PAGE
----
Henry H. Dedrick Civil War Papers
Letter, 1863 June

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Letter fragment
Dedrick to his wife
Date: the original is undated. Ca. June 1863
Place: near Winchester

Pages 1 and 2 are missing; the letter begins on page 3 

...them thunder. There the Yankees broke for Winchester before we got there. It was nine miles from where we was to Middletown. We went 3 miles below town that night and we stayed there about 3 hours and then we started for WInchester. Some of our forces was on ahead and they came in on the Yankees about daylight and in a few minutes after we got there. Our men made a charge on them and they broke and run and we run them 5 miles and we got a great many prisoners. The cavalry men has been bringing them back in big squads all day today. They brought a yankee past and his wife was with him and she was a [back] one at that. Dr. Lewis asked him if that was his wife. he said yessir and the[y] had took a good many negroes and we got a good many of them back. We have taken a great many horses and wagons and other things. We got 3 trains of cars at Front Royal and 500 sacks of coffee and a great deal of salt and other things. They burnt up nearly one square of Winchester. We expect to follow them on.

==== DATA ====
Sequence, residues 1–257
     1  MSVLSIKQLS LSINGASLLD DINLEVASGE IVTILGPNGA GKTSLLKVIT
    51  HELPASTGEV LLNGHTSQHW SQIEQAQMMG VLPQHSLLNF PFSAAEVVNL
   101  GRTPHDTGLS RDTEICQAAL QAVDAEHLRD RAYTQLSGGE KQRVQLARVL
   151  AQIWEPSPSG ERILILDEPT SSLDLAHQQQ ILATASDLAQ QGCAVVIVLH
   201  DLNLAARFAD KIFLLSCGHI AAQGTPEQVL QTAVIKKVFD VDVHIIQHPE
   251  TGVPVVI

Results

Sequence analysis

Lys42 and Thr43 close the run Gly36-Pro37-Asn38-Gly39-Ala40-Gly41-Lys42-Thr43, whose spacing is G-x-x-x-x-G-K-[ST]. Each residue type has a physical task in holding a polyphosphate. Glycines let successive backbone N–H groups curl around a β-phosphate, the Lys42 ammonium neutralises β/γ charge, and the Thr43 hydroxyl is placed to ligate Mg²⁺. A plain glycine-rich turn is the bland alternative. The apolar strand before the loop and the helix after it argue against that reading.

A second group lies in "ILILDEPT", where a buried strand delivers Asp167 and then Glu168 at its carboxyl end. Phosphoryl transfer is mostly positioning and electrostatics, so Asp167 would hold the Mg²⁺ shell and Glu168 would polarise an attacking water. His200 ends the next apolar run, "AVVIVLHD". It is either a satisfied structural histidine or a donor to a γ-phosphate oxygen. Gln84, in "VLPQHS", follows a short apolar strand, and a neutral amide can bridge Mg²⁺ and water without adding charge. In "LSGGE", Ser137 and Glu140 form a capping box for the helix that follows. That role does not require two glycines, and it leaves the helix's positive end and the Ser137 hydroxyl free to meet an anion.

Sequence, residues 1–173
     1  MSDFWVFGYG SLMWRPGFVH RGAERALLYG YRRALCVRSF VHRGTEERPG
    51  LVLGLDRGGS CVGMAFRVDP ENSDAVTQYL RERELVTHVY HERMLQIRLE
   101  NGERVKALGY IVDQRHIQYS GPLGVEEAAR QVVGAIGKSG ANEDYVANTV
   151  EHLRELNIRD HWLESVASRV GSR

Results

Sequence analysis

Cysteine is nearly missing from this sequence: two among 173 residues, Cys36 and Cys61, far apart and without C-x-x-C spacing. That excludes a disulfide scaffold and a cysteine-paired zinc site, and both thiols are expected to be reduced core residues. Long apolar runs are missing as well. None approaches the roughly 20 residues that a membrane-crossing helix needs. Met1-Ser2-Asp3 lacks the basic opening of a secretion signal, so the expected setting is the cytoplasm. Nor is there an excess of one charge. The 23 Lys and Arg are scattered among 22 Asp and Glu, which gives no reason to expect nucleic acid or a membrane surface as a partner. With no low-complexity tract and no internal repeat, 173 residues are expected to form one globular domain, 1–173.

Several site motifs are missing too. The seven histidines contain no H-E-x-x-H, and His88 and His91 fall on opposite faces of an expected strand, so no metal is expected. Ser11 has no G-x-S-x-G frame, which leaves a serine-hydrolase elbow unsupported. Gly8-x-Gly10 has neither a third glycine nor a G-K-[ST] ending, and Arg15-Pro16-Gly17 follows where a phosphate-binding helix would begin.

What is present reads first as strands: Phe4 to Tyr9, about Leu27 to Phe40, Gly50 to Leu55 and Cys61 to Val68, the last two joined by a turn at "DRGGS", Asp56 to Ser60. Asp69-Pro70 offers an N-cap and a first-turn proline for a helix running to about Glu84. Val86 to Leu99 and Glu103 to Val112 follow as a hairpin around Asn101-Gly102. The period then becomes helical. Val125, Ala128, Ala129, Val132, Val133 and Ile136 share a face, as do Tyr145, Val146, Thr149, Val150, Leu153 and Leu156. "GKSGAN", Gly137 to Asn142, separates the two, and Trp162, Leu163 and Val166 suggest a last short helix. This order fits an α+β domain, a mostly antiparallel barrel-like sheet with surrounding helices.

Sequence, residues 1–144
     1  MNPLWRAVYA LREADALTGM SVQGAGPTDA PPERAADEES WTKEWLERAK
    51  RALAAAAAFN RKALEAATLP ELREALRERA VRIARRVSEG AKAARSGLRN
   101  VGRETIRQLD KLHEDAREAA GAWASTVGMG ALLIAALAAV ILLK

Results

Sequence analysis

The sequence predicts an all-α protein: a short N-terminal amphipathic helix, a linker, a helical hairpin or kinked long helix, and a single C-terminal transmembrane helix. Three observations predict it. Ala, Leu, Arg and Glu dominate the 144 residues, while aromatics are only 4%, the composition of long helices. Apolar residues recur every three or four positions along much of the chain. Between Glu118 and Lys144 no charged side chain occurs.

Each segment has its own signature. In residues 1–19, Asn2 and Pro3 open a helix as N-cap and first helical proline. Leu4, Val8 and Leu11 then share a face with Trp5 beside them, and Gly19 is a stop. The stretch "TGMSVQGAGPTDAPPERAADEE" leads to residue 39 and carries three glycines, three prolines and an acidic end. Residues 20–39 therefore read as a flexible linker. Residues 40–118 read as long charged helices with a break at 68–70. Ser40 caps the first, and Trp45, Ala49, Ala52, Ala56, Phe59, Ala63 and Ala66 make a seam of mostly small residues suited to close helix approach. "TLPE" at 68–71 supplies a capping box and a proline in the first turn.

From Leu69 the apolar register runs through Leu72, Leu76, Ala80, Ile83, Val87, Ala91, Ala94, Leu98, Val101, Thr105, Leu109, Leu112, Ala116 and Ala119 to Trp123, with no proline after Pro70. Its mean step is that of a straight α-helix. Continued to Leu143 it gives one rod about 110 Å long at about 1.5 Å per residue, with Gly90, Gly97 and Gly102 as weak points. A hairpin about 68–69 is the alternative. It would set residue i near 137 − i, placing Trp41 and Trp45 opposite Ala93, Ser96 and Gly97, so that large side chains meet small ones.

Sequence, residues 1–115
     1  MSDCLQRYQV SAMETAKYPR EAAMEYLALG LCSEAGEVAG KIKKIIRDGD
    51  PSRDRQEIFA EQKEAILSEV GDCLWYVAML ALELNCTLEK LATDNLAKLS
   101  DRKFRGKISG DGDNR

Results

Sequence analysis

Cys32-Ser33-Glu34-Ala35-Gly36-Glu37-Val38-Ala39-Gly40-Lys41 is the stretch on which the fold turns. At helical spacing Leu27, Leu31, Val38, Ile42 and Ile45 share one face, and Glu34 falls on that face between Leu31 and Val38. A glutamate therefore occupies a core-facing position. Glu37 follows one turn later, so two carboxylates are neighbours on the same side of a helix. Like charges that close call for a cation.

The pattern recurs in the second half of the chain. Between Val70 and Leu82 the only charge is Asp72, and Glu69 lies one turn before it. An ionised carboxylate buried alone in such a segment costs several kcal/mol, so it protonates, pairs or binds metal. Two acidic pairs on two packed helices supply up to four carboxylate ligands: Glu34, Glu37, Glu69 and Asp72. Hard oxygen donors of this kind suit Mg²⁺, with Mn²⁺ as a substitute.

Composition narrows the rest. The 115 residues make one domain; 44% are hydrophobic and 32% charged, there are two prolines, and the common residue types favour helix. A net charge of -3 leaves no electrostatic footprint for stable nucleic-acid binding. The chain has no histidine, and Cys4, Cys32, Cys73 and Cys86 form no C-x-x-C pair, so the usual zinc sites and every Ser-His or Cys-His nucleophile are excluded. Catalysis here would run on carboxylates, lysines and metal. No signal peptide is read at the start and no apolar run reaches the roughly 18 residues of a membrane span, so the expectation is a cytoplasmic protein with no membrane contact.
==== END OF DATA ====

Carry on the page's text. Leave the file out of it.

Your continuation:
I have more news but I have no time and no paper with me, but I have plenty in my knapsack. It is in Harrisonburg. I seen John and Harry [or Harvey] Friday morning. They are both well. I seen Uncle Jacob Dedrick in Bridgewater. He said he seen Jake that morning driving a wagon and I heard of him being at Front Royal but I have not seen him yet.

Give my love to all and accept a great portion for yourself. So nothing more but remain your affectionate husband until death. May god bless you all. Write soon. H. H. Dedrick to wife. I sent you a letter some time ago and I have got no answer from it.

Dear Lissa I just have eaten a hearty dinner. Me and Ben White had the pleasure of eating dinner by ourselves as all the rest of our mess has run off but four. J and James Lewis and Joseph Liggett has gone out to get their dinner. I received your kind letter while I was at dinner and I was truly glad to hear from you and to hear that you all was well.

Dear Lissa [illegible] be very glad to see you at his time. I have a good deal of news to tell you which is too tedious to write. You will please excuse my bad writing as I have no chance to write. Fare you well my dear.